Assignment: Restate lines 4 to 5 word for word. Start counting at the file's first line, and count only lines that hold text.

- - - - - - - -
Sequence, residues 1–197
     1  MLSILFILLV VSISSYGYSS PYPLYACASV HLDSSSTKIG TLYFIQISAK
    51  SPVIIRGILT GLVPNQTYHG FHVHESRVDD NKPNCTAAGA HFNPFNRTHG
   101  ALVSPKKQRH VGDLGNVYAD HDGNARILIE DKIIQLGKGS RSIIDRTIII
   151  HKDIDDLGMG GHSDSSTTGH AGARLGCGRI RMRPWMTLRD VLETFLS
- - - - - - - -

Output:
   101  ALVSPKKQRH VGDLGNVYAD HDGNARILIE DKIIQLGKGS RSIIDRTIII
   151  HKDIDDLGMG GHSDSSTTGH AGARLGCGRI RMRPWMTLRD VLETFLS